Council confirms Roney departure with tribute from leader

Roney and Craig and team with local government award

Cllr Bev Craig, Leader of Manchester City Council, has confirmed the city is to seek a new chief executive after Joanne Roney agreed to take up the new managing director role at crisis hit Birmingham City Council, where she first started her career.

Craig said she understood the “emotional pull” that Birmingham has on Roney and said: “Being chief executive of Manchester City Council is one of the best, arguably the best, jobs in local government. You get to be at the heart of our globally-recognised, growing city shaping how services are delivered and how our people and businesses can share in inclusive success.

“But I understand the emotional pull the Birmingham job has for Joanne and we wish her every success in her new role as she moves back home. We thank her for her service and her contribution to the city over the last seven years.

“As she would be the first to say, everything we do here is a team effort and she will leave behind a strong and talented management team with a clear vision of where the city is going, its strengths to be built upon and celebrated and the long-term challenges which we are addressing. It is, as ever, an exciting time in Manchester.”

The process of recruiting a new chief executive for the £210,000 a year role will start imminently.

Joanne Roney will serve a notice period as the recruitment process for a new Manchester City Council chief executive gets underway and join Birmingham City Council later in the year.

Roney said: “I’ve loved my time in Manchester. It’s a wonderful city and I’m proud of what – together with colleagues, partners and the city’s political leadership – we’ve been able to achieve here. Whoever follows me as chief executive is inheriting an incredible role alongside a talented and dedicated leadership team.

“I might be an adopted Mancunian, and proud of it, but I’m a native Brummie and this was the only role which could have tempted me away. I began my career as an apprentice at Birmingham City Council at the age of 16 so the prospect of concluding it there as managing director, and helping the place where I grew up and my family still live rise to its current challenges, was a compelling one.”

As reported on yesterday, Roney has been widely perceived to have done a good job at Manchester since she succeeded Sir Howard Bernstein in 2017. An impossibly tough act to follow, she not only was she Manchester City Council’s first ever female chief executive in 2017, but a complete outsider from the tight ‘Manchester family’ that ran the city and its interlocking institutions.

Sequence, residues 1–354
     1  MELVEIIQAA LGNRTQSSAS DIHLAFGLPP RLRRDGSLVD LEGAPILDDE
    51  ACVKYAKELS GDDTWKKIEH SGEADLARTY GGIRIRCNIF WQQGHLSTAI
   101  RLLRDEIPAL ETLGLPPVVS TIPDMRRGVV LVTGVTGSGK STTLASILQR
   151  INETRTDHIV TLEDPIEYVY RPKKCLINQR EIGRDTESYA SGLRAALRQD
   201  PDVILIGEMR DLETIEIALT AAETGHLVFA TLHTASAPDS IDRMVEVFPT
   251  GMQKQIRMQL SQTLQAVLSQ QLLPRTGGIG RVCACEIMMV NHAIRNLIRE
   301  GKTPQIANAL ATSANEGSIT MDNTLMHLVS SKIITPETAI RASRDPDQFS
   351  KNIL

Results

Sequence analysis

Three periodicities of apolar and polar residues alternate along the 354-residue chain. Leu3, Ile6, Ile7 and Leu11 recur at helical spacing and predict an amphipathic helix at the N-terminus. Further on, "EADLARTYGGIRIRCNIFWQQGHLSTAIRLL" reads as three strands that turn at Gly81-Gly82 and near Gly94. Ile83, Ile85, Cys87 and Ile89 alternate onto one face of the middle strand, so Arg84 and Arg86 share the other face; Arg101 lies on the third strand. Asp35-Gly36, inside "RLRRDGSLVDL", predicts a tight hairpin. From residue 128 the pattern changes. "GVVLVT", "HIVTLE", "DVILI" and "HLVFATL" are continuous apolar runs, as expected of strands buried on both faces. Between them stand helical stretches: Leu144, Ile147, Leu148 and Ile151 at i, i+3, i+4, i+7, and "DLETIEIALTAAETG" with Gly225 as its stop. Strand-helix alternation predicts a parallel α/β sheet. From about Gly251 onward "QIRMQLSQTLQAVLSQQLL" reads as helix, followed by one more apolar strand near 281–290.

During her tenure she has been faced with a wide range of challenges including leading the Council’s response in the aftermath of the Manchester Arena bombing, as well as the development of the Glade of Light memorial to those who lost their lives, and co-ordinating the city’s response to the Covid-19 Pandemic.

During her time as chief executive, Children’s Services – which had been classed as inadequate by Ofsted back in 2014 – were transformed to the extent that by 2022 they were rated ‘Good.’ Adult care services were also improved, with an increased focus on early help and prevention.

She is also steered the council through onerous budget rounds, losing £50m from services, and driving the Council through the fundamental changes to Health and Social Care.  She is lead Chief Executive for skills across Greater Manchester.

Before moving to Manchester, she was previously Chief Executive of Wakefield Metropolitan Borough Council, where she held the top post from 2008.

Having started her career in Birmingham as a 16-year-old apprentice in housing services, she has continued to champion opportunities for young people, skills and reducing inequalities including launching the Our Year programme for young people in Manchester throughout 2022.

Other tributes recognised the difficult task she had in succeeding Howard Bernstein, with one saying she still had to contend with “deep state Howard” long after his departure.

In the business community comments included this from insurer Greg Broadhurst, also a charity trustee: “She’s done an incredible job, both of you have. Taking over the Leese / Bernstein duo was a big ask. 

And in a reference to Caroline Simpson’s upcoming move from Stockport to the GMCA, Broadhurst said: “You can’t have our Caroline from here in Stockport, Andy’s poached her for the GMCA!”

Eve Holt, Strategic Director at GM Moving said: “Much love and respect to @joanneroney. Our loss is Birmingham’s gain.”

Henri Murison, chief executive of the Northern Powerhouse Partnership said: “Having worked with Joanne for a number of years, including from her time at Wakefield and now Manchester, she has been a significant supporter of the work to bring the North together as greater than the sum of its parts,” he said.

“I will always be grateful to her personally and professionally, and look forward to continue working with her at Birmingham – a city which sees the critical importance of greater partnership, transport, and economic links with both sides of the Pennines.”